University of Tasmania
whole_BrowneIan1990_thesis.pdf (3.94 MB)

[Documentation for Master of Fine Arts]

Download (3.94 MB)
posted on 2023-05-27, 07:47 authored by Browne, Ian
Many of my photographed situations are temporarily created for the moment of shooting. After being attracted to the original scene, I then proceed in changing the scene with careful and precise placement of props, building materials, pipes, steelwork and so on. Viewed from any angle other than through the camera the scene appears only to be a jumble of shapes. By doing this I am not aiming to document the scene as I found it but to break down the association and functions of real world objects within the scene. Changing the spacial relationships by juxtaposing objects in appropriate places ‚Äöwithin the foreground and background I attempt to challenge the assumptions made by the viewer. Having previously worked with flat, two-dimensional black and white images in a city environment, I found that moving to the country allowed much greater oppurtunity for me to take advantage of its particular quality of light and space. I choose to use colour primarily for it's aesthetic appeal, but also in many photographs as an aid in creating visual ambiguities. I was attracted to work in colour after coming in contact with the work of photographers such as Joel Meyerwitz, John Pfahl, Stephen Shore, William Eggleston and Michael Bishop.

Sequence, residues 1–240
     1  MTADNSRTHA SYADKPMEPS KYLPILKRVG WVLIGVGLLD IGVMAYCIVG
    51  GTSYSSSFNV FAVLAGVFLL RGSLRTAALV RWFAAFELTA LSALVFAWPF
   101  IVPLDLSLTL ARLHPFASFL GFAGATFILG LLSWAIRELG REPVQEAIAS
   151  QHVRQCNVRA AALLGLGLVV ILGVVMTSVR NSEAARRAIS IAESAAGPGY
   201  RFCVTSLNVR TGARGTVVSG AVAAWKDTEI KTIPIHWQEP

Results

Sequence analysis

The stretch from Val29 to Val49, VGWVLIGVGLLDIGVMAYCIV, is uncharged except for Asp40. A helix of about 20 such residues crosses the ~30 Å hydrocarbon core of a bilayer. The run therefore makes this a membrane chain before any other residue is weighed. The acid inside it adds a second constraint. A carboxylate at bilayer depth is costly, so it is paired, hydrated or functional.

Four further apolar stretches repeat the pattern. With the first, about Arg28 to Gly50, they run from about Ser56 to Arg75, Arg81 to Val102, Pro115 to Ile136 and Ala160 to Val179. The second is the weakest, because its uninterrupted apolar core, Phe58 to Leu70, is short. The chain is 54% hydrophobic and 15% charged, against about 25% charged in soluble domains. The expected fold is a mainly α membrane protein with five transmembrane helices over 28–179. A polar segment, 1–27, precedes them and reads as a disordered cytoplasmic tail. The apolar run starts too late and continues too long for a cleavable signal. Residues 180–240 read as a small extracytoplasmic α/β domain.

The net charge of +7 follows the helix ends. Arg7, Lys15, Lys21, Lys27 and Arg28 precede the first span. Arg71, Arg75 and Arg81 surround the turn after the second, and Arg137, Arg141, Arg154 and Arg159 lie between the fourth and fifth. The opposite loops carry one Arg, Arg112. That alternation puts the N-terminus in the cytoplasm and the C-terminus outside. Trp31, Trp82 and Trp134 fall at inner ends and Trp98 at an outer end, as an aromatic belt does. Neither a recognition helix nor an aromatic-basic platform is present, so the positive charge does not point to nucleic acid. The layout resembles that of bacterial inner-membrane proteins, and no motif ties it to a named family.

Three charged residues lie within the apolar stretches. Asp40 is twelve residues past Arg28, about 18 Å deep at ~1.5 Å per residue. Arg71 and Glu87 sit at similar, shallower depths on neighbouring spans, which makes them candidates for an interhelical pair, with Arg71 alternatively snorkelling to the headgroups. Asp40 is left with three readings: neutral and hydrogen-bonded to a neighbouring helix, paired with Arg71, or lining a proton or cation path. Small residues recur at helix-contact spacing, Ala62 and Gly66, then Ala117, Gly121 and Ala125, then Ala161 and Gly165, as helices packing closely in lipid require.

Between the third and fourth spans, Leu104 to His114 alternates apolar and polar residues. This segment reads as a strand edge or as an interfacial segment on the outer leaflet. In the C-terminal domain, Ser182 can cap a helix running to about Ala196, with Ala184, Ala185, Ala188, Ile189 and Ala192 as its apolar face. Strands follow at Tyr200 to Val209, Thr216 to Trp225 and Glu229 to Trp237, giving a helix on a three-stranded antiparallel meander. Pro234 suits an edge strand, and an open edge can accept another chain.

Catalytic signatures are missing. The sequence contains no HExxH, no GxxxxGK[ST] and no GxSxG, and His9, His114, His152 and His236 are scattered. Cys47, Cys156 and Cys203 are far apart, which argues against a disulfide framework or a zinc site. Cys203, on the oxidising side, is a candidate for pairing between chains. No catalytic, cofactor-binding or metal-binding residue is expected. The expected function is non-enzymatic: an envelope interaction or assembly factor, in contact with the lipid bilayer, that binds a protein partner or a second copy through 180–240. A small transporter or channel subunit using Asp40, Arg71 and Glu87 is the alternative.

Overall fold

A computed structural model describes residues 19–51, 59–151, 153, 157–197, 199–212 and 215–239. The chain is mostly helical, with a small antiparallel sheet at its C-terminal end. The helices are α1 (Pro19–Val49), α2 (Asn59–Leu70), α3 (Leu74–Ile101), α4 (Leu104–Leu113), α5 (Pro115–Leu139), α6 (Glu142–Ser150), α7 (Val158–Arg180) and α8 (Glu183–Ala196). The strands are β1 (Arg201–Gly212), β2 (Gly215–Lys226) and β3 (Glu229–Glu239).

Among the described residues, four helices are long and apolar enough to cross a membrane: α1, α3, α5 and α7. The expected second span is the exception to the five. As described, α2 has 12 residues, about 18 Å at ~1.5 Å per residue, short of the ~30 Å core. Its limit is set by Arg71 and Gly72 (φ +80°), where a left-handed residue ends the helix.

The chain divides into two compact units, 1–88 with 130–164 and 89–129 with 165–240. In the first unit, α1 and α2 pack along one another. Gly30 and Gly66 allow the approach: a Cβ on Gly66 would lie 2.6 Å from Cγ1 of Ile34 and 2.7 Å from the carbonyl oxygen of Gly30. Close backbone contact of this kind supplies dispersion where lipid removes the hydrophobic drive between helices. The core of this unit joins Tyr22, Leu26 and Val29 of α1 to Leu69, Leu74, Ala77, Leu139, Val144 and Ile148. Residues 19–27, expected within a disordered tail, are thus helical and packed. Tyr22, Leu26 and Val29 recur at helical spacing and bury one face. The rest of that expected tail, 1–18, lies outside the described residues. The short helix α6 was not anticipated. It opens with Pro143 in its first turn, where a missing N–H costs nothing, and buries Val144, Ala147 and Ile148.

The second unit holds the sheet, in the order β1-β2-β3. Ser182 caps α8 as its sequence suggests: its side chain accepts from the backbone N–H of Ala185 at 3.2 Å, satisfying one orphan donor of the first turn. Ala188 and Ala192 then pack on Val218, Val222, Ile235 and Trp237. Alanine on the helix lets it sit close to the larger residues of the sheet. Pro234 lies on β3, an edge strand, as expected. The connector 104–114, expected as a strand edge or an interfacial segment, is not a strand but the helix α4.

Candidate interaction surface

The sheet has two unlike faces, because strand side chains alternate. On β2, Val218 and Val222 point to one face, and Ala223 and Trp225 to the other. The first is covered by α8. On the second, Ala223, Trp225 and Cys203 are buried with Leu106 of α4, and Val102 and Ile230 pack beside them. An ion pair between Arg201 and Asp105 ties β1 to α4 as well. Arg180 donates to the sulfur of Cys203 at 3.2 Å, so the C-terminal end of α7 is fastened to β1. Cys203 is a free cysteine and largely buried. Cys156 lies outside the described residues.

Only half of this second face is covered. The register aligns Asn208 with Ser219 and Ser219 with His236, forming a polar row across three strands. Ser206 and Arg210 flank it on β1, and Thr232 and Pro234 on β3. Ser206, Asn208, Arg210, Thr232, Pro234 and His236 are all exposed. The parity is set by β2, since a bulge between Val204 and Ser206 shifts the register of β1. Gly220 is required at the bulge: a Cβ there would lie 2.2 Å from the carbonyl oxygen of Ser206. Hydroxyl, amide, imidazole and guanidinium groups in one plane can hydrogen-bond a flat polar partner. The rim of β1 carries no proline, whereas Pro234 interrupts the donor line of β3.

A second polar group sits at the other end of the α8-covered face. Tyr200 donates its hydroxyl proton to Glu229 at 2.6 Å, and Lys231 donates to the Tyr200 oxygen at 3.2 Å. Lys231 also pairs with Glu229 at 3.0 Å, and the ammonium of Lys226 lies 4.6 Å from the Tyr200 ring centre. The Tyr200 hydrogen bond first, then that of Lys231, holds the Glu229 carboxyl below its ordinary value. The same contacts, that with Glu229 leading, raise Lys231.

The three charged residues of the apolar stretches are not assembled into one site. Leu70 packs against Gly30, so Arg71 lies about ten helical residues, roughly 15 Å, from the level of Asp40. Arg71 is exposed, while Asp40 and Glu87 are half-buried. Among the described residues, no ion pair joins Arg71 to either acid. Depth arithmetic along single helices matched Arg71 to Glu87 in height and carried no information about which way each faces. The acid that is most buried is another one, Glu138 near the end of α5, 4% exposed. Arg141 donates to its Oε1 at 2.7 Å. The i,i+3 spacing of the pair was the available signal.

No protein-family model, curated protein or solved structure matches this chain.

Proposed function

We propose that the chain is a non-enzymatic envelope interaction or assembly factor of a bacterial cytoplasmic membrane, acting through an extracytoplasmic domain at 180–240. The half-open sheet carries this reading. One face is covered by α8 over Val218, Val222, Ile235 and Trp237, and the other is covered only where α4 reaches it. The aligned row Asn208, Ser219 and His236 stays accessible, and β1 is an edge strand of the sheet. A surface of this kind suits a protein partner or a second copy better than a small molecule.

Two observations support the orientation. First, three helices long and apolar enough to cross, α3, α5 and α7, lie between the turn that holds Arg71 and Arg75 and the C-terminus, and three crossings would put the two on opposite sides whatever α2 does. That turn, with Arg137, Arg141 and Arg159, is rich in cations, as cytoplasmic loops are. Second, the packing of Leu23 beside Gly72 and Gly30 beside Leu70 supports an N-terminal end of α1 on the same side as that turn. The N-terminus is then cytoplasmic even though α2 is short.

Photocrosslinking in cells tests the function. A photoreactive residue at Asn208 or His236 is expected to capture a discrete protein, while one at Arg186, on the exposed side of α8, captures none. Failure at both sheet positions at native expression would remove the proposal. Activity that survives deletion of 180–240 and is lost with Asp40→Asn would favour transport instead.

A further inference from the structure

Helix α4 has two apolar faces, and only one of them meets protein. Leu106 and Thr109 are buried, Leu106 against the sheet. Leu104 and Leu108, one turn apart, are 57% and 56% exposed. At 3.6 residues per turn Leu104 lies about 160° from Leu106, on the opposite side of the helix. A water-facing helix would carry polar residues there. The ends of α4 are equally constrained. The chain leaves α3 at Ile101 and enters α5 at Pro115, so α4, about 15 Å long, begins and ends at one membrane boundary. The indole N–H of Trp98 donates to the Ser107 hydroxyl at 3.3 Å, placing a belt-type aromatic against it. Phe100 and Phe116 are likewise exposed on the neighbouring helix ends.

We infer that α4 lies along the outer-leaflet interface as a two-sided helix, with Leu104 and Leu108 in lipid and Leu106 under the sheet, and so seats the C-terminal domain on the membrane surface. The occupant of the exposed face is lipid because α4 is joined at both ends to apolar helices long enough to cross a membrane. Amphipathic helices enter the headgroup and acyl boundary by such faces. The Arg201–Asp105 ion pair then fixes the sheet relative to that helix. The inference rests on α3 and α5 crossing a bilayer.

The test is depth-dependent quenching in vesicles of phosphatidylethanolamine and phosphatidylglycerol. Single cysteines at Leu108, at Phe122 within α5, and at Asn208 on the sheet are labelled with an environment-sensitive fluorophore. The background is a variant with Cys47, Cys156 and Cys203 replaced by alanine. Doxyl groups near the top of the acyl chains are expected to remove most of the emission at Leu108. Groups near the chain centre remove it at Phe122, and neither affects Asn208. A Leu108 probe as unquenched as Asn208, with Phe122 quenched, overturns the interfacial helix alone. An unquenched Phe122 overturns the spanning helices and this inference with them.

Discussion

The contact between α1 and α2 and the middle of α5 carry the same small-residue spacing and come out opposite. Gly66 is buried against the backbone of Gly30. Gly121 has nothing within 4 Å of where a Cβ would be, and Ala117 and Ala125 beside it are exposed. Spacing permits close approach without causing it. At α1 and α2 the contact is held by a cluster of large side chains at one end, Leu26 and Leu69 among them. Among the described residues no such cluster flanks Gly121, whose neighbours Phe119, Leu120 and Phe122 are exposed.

Publication status

  • Unpublished

Rights statement

Copyright 1990 the Author - The University is continuing to endeavour to trace the copyright owner(s) and in the meantime this item has been reproduced here in good faith. We would be pleased to hear from the copyright owner(s). Thesis (M.F.A.)--University of Tasmania, 1991. Includes bibliographical references

Repository Status

  • Open

Usage metrics

    Thesis collection


    No categories selected


    Ref. manager